At work, in your neighborhood, and in your family, you may from time to time run into a dispute that matters. You may want to negotiate with the other party about solving the problem. My work consists of facilitating negotiations, so here are a few more tips.
10. Begin by asking for more than you want. This is my least favorite advice to give. It grates against my Quaker respect for honesty and integrity. Nevertheless, it often happens that successful negotiations require compromise. If you want $500 a month and you begin by asking for $500 a month, you will probably end getting $350 or $400 a month. If you want $500 a month and begin by asking for $700 a month, you can let the other party talk you down and still get what you want.
11. Make it easy for the other party to persuade you to give something up. Say what you want with all the details that would make the decision just perfect for you. Include some details that are not really very important to you. That makes it easy for the other person to see that you are settling for less than you would really like. If you are willing to compromise, they may also be willing to do so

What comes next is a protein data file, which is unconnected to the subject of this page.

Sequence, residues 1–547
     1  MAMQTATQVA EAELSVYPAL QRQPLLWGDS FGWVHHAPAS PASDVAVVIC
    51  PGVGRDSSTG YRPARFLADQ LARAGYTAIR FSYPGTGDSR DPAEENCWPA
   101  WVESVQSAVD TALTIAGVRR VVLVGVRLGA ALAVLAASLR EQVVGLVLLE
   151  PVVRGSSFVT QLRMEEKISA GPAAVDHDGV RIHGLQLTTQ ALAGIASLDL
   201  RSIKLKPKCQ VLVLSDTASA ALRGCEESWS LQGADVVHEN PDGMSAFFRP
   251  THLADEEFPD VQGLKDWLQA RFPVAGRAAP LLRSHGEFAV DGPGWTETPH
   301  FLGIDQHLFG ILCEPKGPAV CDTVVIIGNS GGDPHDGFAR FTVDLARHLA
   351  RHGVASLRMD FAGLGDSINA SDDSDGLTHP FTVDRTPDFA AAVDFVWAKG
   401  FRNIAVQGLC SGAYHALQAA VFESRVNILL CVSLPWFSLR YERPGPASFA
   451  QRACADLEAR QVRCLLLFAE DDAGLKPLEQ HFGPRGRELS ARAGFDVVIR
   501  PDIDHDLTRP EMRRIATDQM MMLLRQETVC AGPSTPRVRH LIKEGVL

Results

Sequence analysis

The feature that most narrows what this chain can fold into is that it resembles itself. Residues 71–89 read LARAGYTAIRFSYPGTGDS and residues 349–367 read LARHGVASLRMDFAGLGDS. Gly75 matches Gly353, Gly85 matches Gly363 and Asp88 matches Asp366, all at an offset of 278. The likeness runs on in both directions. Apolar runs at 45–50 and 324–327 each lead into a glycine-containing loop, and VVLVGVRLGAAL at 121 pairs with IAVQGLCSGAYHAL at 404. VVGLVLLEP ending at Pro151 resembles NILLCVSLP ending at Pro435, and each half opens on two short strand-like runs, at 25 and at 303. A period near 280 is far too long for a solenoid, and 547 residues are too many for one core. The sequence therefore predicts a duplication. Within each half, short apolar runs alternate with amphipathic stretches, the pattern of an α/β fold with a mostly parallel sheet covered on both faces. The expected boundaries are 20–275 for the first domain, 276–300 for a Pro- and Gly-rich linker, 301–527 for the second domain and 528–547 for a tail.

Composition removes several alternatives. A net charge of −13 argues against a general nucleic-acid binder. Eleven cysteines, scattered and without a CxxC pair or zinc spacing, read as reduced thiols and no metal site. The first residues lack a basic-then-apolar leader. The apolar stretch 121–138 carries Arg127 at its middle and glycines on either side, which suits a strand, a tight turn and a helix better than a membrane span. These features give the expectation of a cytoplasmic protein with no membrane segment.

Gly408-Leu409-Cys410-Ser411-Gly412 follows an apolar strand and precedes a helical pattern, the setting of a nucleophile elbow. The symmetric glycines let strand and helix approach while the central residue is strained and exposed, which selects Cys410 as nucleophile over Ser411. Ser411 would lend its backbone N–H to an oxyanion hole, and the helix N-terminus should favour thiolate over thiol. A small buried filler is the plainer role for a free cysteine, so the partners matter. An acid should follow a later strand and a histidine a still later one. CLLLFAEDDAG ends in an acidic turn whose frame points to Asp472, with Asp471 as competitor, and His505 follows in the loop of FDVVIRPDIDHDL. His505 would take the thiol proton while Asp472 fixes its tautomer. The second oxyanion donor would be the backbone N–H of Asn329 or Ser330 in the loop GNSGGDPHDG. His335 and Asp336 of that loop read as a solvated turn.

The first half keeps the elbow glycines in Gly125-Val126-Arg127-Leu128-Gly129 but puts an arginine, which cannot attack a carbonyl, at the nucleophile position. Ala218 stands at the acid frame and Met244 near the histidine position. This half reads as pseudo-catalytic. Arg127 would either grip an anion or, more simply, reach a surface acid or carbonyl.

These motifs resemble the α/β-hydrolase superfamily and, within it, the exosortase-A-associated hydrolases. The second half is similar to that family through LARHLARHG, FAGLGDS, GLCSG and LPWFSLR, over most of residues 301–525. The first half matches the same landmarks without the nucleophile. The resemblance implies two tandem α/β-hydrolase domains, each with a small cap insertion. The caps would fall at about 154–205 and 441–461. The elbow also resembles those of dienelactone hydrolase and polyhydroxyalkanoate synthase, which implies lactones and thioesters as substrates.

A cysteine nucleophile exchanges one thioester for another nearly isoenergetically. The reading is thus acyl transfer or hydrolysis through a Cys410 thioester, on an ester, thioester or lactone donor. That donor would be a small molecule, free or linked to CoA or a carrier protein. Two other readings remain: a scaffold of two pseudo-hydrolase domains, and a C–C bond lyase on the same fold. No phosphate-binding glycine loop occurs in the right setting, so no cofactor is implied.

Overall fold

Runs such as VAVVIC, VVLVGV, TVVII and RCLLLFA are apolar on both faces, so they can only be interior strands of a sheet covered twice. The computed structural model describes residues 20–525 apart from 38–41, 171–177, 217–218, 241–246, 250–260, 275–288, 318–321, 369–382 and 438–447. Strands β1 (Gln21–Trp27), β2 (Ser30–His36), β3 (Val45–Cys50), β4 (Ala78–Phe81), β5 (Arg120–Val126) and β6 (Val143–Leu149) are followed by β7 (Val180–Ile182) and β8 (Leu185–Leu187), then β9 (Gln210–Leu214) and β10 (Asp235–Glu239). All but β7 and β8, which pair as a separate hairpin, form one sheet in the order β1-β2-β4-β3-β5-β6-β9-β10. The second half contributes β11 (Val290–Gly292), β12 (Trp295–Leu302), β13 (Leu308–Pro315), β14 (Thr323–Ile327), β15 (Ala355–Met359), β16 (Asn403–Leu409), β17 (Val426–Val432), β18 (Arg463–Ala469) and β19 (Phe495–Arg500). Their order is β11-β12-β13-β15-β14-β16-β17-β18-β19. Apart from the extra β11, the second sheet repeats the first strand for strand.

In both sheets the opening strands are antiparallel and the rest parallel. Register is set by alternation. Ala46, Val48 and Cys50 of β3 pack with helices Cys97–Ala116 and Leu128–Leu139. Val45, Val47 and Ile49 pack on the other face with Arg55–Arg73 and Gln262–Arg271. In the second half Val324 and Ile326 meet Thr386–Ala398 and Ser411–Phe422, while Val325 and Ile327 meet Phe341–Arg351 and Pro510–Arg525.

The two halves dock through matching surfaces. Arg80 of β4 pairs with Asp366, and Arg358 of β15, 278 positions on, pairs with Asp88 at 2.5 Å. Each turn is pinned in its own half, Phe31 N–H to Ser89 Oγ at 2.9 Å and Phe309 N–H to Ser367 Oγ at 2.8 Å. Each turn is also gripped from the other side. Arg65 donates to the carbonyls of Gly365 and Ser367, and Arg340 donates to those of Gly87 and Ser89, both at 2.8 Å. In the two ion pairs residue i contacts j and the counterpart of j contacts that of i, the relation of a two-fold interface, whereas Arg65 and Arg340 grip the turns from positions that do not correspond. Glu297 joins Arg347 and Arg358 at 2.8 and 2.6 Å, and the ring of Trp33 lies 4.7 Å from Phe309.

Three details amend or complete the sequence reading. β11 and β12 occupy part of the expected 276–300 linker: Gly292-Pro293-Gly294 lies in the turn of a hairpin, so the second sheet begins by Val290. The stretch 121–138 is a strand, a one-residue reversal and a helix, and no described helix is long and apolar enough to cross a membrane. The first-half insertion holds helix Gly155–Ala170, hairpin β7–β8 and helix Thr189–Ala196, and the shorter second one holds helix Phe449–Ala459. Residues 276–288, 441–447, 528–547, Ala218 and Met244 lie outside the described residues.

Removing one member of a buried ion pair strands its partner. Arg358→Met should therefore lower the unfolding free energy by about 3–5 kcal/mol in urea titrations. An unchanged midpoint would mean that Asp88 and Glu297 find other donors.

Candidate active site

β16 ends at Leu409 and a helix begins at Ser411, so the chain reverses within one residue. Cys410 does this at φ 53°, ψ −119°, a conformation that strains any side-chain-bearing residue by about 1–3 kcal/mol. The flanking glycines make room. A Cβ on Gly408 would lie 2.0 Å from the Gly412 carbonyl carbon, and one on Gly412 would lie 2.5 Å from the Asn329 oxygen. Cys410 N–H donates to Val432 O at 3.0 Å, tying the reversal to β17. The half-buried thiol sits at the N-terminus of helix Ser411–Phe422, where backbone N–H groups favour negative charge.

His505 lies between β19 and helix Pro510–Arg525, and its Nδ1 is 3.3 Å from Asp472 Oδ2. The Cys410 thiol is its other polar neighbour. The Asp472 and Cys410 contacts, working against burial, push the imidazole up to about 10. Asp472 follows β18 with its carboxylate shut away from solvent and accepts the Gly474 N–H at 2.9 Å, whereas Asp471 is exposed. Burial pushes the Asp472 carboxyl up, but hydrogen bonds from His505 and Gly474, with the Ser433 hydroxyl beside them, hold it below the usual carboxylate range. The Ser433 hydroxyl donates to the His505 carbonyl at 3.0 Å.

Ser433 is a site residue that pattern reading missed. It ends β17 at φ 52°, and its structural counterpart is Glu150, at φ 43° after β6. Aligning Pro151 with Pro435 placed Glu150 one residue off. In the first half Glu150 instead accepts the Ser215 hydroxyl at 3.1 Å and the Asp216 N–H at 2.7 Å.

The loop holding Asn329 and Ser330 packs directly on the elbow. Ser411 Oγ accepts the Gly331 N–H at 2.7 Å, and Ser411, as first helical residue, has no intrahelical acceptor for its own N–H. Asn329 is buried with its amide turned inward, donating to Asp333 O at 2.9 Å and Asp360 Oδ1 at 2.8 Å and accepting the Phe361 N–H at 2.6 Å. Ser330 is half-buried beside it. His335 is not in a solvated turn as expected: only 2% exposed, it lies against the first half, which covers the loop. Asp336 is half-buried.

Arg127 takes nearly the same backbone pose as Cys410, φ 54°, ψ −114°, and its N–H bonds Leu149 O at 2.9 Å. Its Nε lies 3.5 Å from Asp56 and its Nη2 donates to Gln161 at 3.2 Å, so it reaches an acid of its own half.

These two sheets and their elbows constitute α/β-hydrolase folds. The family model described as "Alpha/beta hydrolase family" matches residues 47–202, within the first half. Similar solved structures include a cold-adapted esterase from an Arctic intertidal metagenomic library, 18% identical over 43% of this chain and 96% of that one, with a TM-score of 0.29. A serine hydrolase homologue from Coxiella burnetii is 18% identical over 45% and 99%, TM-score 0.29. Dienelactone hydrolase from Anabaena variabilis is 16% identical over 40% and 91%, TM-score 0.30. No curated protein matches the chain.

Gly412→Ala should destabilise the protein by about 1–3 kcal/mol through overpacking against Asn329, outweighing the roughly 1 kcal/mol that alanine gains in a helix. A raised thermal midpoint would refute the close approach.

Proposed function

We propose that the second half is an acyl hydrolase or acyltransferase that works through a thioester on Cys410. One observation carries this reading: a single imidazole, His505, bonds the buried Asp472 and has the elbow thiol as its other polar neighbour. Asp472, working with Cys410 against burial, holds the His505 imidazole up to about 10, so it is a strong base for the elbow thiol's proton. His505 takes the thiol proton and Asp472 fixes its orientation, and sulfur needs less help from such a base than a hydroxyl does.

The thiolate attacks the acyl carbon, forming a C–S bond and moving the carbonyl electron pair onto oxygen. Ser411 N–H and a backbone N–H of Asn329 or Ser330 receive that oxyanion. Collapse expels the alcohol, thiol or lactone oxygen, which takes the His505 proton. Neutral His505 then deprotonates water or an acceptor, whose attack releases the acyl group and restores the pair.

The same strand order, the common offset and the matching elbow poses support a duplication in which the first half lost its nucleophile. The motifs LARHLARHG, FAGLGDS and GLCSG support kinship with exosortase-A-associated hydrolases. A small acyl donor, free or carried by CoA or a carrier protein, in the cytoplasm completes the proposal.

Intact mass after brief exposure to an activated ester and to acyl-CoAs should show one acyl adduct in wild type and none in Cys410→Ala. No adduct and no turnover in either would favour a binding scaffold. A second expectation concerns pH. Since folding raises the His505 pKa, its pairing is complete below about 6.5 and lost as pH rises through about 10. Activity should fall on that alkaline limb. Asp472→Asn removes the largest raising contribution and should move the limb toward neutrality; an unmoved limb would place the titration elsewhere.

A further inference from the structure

12. Listen. This skill underlies several of my other suggestions. If, when the other person is talking, your brain is busy preparing your counter-argument, that may be counter-productive. Instead you can LISTEN. Then prove that you listened by repeating back the essence of what the other said to make sure that you understood it correctly. Doing that will often make the other person feel good about the discussion and be more willing to cooperate in resolving a problem.
13. Look for a Win-Win. Find out what is most important to the other party. See how close to that you are willing to go. Figure out what things are not really that important to you but matter to the other person, and give in on those. If you give a little or a lot, the other party may also be willing to do so. You can, if necessary, make your concessions contingent on theirs. Say that you are willing to settle for less of X if they will settle for less of Y.
14. Frame the issue as a problem you both need to solve. Fighting against each other about who gets the child when often has bad results. Cooperating with each other to figure out how to arrange schedules so that your child gets plenty of quality time with each parent is likely to produce a much better plan.
15. Have a plan for what to do if you get upset. If the other party is likely to push your hot buttons, think in advance about how you wil be able to calm yourself. Take a five-minute break and go meditate, smell the nearby roses, or do twenty push-ups -- whatever works for you.
This article is for informational purposes only. The author is a Professional Family Mediator certified by the Virginia Supreme Court. Additional information is available at http://fairfaxmediator.com.